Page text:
Election disappointment

15 11 2014

But first, a surprise: Adrianne Carr leading the votes for city councilor? I would’ve never thought. She’s an awesome woman, and I’m so happy for her.

Disappointment: how the hell did a spa owner get elected as Parks Commissioner? Granted, all I know about her is her (unimpressive) bio, but really? I will admit that the fact that she’s super photogenic and reminds me of a typical Asian girl (even if she’s not) gets on my nerves. I know the type, and they’re annoying to put with, to say the least. So yes, I am judging her. Especially because she inexplicably got more votes than Stuart Mackinnon, who one of the most intelligent Canadian green advocates I know. Rrawwwrawwraererrweerwawrwrr

Saturday Morning Documentary: Street Fight

19 02 2011

It’s been a while since I’ve seen this film (ie. last year) but I do remember how I felt about it pretty well.  In 2002 in the town of Newark in New Jersey, Cory Booker runs for mayor, hoping to unseat the longtime mayor Sharpe James.  You’re probably thinking, “So what?  Why should this be notable?  Mayoral elections happen all the time.”   Director Marshall Curry calls it “Street Fight” — as the fight for mayor is taken to the streets of Newark where both parties try to win over individual citizens.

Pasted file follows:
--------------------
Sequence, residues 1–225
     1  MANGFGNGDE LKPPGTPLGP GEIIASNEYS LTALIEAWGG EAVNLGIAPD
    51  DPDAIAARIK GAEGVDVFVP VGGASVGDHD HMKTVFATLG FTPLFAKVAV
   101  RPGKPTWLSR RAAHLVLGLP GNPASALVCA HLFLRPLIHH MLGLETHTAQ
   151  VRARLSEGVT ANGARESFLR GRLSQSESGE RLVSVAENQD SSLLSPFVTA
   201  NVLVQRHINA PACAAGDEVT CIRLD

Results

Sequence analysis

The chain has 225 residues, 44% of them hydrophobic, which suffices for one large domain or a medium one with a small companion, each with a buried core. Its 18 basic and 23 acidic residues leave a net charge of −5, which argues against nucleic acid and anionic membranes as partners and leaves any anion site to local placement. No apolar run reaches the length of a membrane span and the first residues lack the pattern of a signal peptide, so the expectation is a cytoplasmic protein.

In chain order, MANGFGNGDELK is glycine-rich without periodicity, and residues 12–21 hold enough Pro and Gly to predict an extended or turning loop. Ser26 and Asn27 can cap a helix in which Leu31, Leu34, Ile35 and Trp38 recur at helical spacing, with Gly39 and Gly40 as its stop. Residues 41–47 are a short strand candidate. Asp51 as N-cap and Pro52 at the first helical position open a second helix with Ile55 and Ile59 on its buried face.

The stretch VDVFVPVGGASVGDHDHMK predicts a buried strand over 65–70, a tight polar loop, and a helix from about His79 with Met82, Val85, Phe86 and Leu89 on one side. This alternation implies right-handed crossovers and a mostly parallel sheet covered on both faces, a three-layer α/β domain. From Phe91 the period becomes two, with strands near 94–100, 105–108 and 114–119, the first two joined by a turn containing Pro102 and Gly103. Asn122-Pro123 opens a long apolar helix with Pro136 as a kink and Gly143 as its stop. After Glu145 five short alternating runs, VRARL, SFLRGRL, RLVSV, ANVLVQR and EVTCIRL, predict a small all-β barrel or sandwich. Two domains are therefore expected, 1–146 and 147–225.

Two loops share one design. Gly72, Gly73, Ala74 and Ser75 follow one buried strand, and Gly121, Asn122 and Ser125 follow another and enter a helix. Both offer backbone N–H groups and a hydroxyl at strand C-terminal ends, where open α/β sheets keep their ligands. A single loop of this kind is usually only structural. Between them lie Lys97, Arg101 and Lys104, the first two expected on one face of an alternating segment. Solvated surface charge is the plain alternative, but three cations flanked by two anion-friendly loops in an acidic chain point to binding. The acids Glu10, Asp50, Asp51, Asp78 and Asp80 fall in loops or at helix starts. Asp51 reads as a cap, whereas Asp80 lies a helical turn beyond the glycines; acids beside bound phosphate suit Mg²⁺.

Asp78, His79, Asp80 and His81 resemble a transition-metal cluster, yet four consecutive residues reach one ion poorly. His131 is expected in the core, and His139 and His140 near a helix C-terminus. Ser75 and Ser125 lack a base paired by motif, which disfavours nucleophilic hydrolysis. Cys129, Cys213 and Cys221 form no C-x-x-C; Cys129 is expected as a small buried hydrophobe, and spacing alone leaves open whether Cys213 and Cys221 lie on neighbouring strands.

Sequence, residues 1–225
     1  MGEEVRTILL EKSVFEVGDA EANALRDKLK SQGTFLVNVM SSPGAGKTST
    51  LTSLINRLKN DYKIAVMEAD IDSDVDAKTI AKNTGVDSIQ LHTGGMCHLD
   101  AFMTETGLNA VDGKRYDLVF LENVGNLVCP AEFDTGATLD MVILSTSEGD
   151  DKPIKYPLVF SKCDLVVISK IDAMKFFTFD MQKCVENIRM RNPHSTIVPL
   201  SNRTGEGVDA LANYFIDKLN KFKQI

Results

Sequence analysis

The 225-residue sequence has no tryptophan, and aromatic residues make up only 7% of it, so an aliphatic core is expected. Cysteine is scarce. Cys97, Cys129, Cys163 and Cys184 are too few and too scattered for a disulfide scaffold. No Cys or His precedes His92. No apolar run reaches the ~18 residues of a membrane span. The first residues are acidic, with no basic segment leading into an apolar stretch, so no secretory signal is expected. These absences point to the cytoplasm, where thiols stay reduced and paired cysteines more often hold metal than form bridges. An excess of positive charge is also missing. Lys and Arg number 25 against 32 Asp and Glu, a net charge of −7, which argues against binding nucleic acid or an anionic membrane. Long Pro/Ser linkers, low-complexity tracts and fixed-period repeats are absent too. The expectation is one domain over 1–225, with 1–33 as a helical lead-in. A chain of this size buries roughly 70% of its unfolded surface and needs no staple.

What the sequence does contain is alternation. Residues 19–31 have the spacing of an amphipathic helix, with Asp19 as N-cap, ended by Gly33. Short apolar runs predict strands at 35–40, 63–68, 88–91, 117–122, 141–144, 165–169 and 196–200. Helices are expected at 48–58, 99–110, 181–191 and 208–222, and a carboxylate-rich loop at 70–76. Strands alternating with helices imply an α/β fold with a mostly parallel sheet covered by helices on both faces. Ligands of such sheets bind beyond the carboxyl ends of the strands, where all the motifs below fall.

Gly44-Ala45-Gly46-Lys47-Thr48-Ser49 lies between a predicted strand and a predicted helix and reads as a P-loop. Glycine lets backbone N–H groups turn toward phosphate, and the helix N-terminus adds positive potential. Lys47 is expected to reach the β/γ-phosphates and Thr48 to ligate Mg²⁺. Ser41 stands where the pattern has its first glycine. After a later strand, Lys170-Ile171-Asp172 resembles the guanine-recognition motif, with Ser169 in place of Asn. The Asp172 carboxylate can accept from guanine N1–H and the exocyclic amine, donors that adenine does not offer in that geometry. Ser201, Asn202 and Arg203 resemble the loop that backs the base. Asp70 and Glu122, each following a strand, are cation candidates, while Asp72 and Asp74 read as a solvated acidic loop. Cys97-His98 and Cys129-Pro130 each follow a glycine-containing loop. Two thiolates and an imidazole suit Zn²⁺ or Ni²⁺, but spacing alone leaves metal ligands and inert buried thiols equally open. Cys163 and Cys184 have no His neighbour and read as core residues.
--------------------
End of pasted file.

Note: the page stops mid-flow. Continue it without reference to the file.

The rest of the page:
Things are not as they seem, however.  While the film is primarily focused on Cory Booker and his campaign, he does try to film James’ campaign as well, only to get denied time and time again, sometimes meeting violence.  Sharpe James, as the film shows, is manipulative, arrogant, and his supporters seem to be out of control at times.  And since no one seems to be challenging James’ authority or the outrageous stunts he pulls, the street fight escalates, right up until the last vote is counted.

I would rank Street Fight with Michael Moore’s Fahrenheit 9/11, in terms of how pissed off it leaves audiences feeling (or at least, me).  Despite the amateur look of the film, there is a reason why this was nominated for an Oscar: showing the corruption and true face of American politics.

Street Fight